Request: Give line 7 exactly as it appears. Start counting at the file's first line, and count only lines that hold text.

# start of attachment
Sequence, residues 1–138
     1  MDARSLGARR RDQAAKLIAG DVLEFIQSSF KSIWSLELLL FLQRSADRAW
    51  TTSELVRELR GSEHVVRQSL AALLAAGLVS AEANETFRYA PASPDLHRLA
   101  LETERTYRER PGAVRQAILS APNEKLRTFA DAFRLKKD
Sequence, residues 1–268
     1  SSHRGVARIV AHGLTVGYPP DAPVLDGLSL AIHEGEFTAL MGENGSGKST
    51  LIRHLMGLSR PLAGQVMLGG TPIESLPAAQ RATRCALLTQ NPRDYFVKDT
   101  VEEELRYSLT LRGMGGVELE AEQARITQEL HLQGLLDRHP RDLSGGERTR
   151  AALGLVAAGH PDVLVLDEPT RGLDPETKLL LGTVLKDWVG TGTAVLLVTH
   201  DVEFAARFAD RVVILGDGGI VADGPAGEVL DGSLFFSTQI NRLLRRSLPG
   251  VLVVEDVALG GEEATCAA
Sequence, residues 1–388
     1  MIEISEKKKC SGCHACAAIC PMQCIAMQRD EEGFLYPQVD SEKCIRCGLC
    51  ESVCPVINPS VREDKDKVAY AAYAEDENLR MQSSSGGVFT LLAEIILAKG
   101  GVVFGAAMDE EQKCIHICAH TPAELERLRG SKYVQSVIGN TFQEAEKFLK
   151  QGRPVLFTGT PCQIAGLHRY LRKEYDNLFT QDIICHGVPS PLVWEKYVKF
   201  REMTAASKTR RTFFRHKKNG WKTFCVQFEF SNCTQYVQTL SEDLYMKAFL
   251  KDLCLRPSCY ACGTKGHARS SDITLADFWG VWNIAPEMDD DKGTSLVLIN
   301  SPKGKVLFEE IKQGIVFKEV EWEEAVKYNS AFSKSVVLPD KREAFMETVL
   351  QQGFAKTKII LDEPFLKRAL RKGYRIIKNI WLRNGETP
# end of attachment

    51  LIRHLMGLSR PLAGQVMLGG TPIESLPAAQ RATRCALLTQ NPRDYFVKDT